ASSOCIATION (associo, to accompany).—Applied to laws of mental combination which
facilitate recollection—commonly called "Association of Ideas." "The law of
association is this—That empirical ideas, which often follow each other, create
a habit in the mind, whenever the one is produced, for the other always to
follow" (Kant, Anthropology, p. 182). The philosophy which traces all knowledge
to experience regards association as also a means of developing higher powers.
The laws of association as commonly stated are these :—(1) Similarity; (2)
Contiguity; (3) Repetition;—mental phenomena, similar, or often occurring
together, recall each other, The bond becomes stronger as the relation in
consciousness recurs. Dispute has been raised over the question whether we may
hold such associations as indissoluble or inseparable (J. S, Mill's Examination
of Hamilton, 3rd ed., p. 220).
"Ideas, that in themselves are not at all alien, come to be so united in some
men's minds that it is very hard to separate them; they always keep company, and
the one no sooner at any time comes into the understanding but its associate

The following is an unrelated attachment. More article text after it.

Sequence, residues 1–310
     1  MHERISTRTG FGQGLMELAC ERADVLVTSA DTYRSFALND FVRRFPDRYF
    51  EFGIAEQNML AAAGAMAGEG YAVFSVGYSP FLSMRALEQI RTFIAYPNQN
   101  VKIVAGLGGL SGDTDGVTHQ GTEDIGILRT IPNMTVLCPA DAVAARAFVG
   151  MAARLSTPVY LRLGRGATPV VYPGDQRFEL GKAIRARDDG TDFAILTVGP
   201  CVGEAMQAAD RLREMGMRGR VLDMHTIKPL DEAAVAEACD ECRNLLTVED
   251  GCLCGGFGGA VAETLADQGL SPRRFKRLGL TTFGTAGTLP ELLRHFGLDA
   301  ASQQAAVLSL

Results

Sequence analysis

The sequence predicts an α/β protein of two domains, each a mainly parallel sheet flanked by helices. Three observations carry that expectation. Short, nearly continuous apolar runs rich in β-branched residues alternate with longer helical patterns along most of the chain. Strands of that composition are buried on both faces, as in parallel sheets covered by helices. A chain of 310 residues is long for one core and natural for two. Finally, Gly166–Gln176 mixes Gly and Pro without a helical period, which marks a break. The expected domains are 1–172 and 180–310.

appears with it" (Locke's Essay, bk. II. ch. XXXIII. sec. 5).
Locke, Essay, bk. II. ch. XXIII.; Hume, Essays, essay
III.; Hartley, Observations
on Man; Reid, Intellectual Powers, essay IV.; Stewart, Elements, vol.
V.; Brown, Lectures, lect XXXIII.; Hamilton's Reid, notes D** and D***, p. 889;
Hamilton's Lectures on Metaphysics, II. 223; J. S. Mill's Examination of
Hamilton's Philosophy, 3rd ed., p. 219 (especially on "Insolubility," the
"Revivability," and the "Associability" of Feelings); Herbert Spencer,
Principles of Psychology, I. 228; Bain's Senses and Intellect, 2nd ed., p. 327.
On the bearing of association on evolution of mind, or development of knowledge,—
J. S. Mill's Examination of Hamilton, ch. XI.; Herbert Spencer's First Principles, "The Knowable." Criticism of the theory,— Calderwood's
Handbook of Moral Philosophy, pp. 98-122.